“But think of the tragic situation where the relationship’s got to the place where they want to establish themselves on a basis of truth validated by something outside like a polygraph. Putting aside all the dysfunction of that, what about the case where there is that one error? That’s Shakespearean-level tragedy. Let’s say he has half of one per cent error rate; that means if most of the cases are really strongly emotionally confected then if he has a client a day he’s got at least a tragedy a year.”

Me: But wouldn’t any judicial
system have errors?

Dr Ellis: Oh yes. For sure. Absolutely, or worse. There’s no denying that. Study after study. There are so many innocent people on death-row in the United States, for example. Eye-witness accounts are notoriously unreliable, line-ups are notoriously unreliable. There are many innocent people behind bars. And even if you discount error, the more clever criminals are the ones outside and the more hapless people are the ones who are inside. Certainly eliminating the polygraph machine is not going to
eliminate tragedy.”

Sam Harris’s final words on lying are powerful: “Lying is, almost by definition, a refusal to cooperate with others. It condenses a lack of trust and trustworthiness into a single act. It is both a failure of understanding and an unwillingness to be understood. To lie is to recoil from relationship.” In the movie The Invention of Lying the characters inhabit a world where nobody can lie. Everything the characters think comes out of their mouths, even if it is incriminating, embarrassing, or hurtful. This is silly – you don’t have to say everything you are thinking in order to be an honest person. In fact if you did that you’d be a horrible person. I wondered whether our society needs lies to function smoothly.

I asked Dr Ellis: “Do you think
the world would be better
off without lies?”

Dr Ellis: “Oh no certainly not!”

Me: “Certainly not?”

Dr Ellis: “No! Nietzsche was right about that. No, we really need to be able to move in a social world in a sophisticated way. We’re really advanced creatures, I mean if you think of us as on a continuum with all the other creatures and there’s no serious difference in kind between our particular species and the ones that are pretty close to us, we’re still really lucky to have this complex social reality. And without lies we would lose it.”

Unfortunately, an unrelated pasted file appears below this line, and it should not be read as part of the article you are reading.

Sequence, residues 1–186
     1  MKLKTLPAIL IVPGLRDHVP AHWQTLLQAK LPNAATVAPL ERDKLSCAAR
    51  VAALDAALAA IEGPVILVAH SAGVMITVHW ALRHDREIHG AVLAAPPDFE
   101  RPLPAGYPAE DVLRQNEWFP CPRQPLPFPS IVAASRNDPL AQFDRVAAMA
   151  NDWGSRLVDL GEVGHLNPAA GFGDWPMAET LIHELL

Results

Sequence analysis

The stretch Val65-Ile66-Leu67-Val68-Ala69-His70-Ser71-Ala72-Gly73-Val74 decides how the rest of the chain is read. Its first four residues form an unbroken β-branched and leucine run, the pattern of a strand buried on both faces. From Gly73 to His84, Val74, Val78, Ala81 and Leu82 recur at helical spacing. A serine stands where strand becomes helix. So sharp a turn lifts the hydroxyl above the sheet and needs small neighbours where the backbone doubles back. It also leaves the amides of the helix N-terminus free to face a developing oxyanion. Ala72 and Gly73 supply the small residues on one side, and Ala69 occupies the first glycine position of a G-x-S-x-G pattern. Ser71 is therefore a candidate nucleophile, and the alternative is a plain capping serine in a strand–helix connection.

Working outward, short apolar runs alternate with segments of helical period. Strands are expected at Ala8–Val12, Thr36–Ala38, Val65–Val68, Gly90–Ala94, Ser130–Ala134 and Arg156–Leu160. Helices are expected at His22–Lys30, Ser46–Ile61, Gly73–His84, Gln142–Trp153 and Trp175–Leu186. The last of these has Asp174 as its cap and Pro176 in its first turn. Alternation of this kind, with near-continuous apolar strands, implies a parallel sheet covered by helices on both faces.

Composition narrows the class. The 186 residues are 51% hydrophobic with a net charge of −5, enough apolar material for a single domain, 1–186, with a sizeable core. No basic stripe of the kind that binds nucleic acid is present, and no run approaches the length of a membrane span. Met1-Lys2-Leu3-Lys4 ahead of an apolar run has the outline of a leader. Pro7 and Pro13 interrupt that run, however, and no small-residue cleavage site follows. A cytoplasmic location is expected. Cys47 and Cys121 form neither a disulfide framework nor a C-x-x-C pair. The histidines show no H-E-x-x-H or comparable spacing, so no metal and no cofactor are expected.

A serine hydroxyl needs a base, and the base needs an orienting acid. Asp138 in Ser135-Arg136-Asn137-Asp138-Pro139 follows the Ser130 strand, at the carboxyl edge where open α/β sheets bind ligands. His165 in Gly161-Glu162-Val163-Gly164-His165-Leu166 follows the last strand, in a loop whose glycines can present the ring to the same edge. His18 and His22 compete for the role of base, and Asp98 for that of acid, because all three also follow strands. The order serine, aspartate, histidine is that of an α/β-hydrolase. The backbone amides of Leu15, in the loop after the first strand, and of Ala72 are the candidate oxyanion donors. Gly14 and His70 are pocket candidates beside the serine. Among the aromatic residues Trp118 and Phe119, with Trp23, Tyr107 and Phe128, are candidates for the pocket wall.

So should we adopt Sam Harris and Immanuel Kant’s view that lying is always morally reprehensible? Or a more relaxed attitude to lying that allows for the nuances of human experiences as social animals? I like the idea of sticking closely to Harris’s blanket rule – until I’m asked a question to which the answer may offend or embarrass somebody. The awkwardness and chance of offending a friend or acquaintance can seem overwhelming in the moment it is needed, but in the long run it is better to have a policy of truthfulness for
the sake of respecting yourself and the people you care about.

I’ll finish with another ghost story. I was 17 and my boyfriend was in the process of moving into a dingy old house that he and his flatmates were joking was haunted. I decided to invent a ghost. I suppose I wanted to get the attention of my boyfriend’s cool flatmates. I went into the kitchen, screamed, and ran to my boyfriend in the other room. I told him I’d seen a ghost in a shadowy corner – just a torso floating that moved an arm and started to turn around toward me. He panicked and we drove away, he terrified, me happy that I’d pulled off a good joke.

What I hadn’t thought about was the prospect of having my ghost story told by my boyfriend over and over again during our three-year relationship. Every time he started telling it at parties I’d feel the shame of my lie grow inside me. My bogus ghost story may have contributed to any number of people’s collected evidence for believing in the paranormal. But I didn’t want to admit to having lied.

Recently I was talking to my ex-boyfriend, who was happily telling his new girlfriend about the time I saw a ghost. I decided the time had finally come to tell the truth. I said “I’ve been meaning to tell you, I made up the ghost story. I lied. I’m really sorry.” He was shocked but thought it was funny. I felt stupid but it wasn’t so bad telling the truth. The ghost of that lie has finally been laid to rest.
This article first appeared in Issue 14, 2014.
Posted 1:08pm Sunday 6th July 2014 by Lucy Hunter.